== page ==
The New Year’s resolution that should be on every (real) conservative’s list

Well, I finally did it. I’ve flirted with this decision for six years and have threatened to do it and haven’t. But today, I finally decided. The last time I did this was almost exactly twenty years ago. This time, however, it’s a permanent change.

I am no longer a registered Republican.

I sent in the form today; as soon as it’s approved, I’ll be a registered independent, with no party affiliation.*

Over the last six years I’ve tried very hard to come to terms with my love-hate relationship with the GOP. Unfortunately, my RRDS (Recurring Republican Disillusionment Syndrome) is now chronic and permanent. On the one hand, my political roots are Republican. I registered Republican upon becoming a US citizen in 1983, in great part thanks to the great Ronaldus Magnus, the greatest president of my lifetime. On the other, however, I have had just about enough: starting long before with Richard Nixon (the first Repub to thoroughly disillusion me), and then through the debacles of 1992 and 1993, the self-inflicted and completely unnecessary disaster of the 2006 mid-terms, and yesterday’s utter capitulation to the Democrats. There may still be some real conservatives left in the GOP, but the majority of the party is populated by professional politicians, spineless boot-licking ass-kissers, Rockefeller Republicans, and belt-way RINOs who only want to maintain the status quo, their constituents be damned. I do not want to be associated with a political party that talks the talk of conservatism while walking the walk of liberalism.

Folks, let me tell you you what many of you are thinking but do not want to admit to yourselves: the party of Ronald Reagan no longer exists. It is dead.



* Here is the link for those of you in Miami-Dade County who want to do the same thing.



14 thoughts on “The New Year’s resolution that should be on every (real) conservative’s list

  1. It couldn’t have been said it any better. Funny thing, though, last weekend I was mulling things and had the exact same thoughts — weary of reading all the news about the GOP leadership’s cave to such a scumbag of a president who, under other circumstances, should have been made picadillo politically. Coming to terms with reality was the hardest part, but rather than continue with my frustration, made the same decision you have and will be going independent. Can’t tell where that road will lead, but what I do know is that the current one is leading nowhere and it’s pointless to spend anymore time traveling on it.

  2. I did the very same thing as soon as I got home this evening. I cannot remain a member of the party under the current leadership, not after the latest turncoat vote.

  3. Well,

    I used to be a registered democrat because it gave me the opportunity to vote in the dem primary and choose the best of the options to be the opponent. Then the dem candidates were all awful so I switched to my party to be able to choose the most conservative for my side. I think I will stay there because to allow the left to take over the rep party is no improvement over the situation.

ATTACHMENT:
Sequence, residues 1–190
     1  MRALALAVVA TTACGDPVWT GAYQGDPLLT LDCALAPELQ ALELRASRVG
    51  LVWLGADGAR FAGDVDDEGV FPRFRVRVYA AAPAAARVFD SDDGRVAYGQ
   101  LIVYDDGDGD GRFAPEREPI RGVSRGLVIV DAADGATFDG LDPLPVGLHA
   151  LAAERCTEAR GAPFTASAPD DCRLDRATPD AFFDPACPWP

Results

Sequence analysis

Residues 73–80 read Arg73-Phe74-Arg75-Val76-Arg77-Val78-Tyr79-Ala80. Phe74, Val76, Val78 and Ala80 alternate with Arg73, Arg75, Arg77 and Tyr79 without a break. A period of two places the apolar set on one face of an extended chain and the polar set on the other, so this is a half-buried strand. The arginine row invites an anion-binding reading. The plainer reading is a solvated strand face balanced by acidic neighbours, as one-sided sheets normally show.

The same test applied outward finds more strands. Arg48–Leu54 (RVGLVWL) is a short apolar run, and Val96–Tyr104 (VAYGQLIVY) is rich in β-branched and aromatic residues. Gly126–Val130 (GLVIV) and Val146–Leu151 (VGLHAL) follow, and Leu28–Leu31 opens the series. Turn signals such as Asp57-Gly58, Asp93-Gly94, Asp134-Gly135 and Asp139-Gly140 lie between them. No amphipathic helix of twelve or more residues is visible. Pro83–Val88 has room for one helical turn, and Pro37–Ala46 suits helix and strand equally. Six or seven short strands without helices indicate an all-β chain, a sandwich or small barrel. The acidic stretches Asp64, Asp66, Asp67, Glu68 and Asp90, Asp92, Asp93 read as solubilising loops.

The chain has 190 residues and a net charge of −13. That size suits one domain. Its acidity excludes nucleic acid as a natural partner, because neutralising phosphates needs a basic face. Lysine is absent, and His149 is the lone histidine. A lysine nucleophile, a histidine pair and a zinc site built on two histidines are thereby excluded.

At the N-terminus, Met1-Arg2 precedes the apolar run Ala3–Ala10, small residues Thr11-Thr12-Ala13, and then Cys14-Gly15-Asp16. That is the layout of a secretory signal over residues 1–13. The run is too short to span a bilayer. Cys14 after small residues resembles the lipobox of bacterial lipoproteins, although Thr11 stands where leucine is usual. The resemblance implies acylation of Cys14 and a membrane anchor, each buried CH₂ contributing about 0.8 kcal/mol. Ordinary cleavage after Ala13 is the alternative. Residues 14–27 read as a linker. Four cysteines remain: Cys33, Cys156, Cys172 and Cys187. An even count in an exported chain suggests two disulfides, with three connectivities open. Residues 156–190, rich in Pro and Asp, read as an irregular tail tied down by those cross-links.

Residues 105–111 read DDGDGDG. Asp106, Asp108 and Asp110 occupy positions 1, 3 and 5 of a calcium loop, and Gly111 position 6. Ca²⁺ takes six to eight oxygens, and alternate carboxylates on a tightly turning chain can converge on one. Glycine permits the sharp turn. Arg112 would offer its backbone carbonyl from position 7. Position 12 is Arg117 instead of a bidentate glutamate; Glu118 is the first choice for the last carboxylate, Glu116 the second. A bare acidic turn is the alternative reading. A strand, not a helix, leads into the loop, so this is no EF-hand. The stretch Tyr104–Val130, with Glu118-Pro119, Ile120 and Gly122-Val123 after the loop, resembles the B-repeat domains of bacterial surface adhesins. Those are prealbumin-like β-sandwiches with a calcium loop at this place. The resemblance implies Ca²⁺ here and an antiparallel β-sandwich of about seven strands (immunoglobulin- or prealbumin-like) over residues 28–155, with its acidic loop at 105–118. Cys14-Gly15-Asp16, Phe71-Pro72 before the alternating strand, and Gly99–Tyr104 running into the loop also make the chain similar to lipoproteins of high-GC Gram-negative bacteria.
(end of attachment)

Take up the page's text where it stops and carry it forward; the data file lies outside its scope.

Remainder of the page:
I hate crossover primaries and if you are not a registered Rep. you can’t move our party to the right.

    This is a terrible deal, but we don’t have the marbles. The msm which turned Romney into such an out of touch villain they got some on our side to agree, gets to decide what is voted on. That is why this terrible deal got passed. The alternative would be so much worse.

    Our job is to support the Tea Party, not participate in any talk of its being obsolete. We must support conservatives. (If Cantor, for example, is the one to replace Boehner, we might as well keep Boehner. It isn’t entirely the Speaker’s fault.) We must take over the Senate and add more conservatives to the House. Until we do that, no speaker can make any difference.

    George, tempting though it is, I disagree with your choice.

  4. The key issue remains the same: what the electorate will and will not stand for. The politicians are more symptoms than the actual disease. Alas, the electorate is quite sick, or certainly appears to be.

  5. Why not go Libertarian? It sends a pretty strong message. I did that years ago, but overwhelmingly vote Republican (usually pinching my nose as they are dem-lite more often than not)

  6. raddoc,

    Libertarians are out of touch with reality because they’re way too entrenched in American isolationism which is an impossible concept.

    In a way they’re just as dangerous as the liberals…

  7. True-that’s where Ron Paul lost me. I liked his internal policies but not his external policies. I’ve been in a fugue state since the elections; I thought at least we had the House, and that there were enough Tea Partiers to provide some spine. I think we should have gone over the “cliff”. Funny how for years the media portrayed the evil Bush tax cuts as only fir the rich, but now they are important for the middle class.

  8. raddoc, that is brilliant about how the left called them tax cuts for the rich and now they must be kept because they are for the middle class. You ought to send that to every place you can. I think that is terrific.

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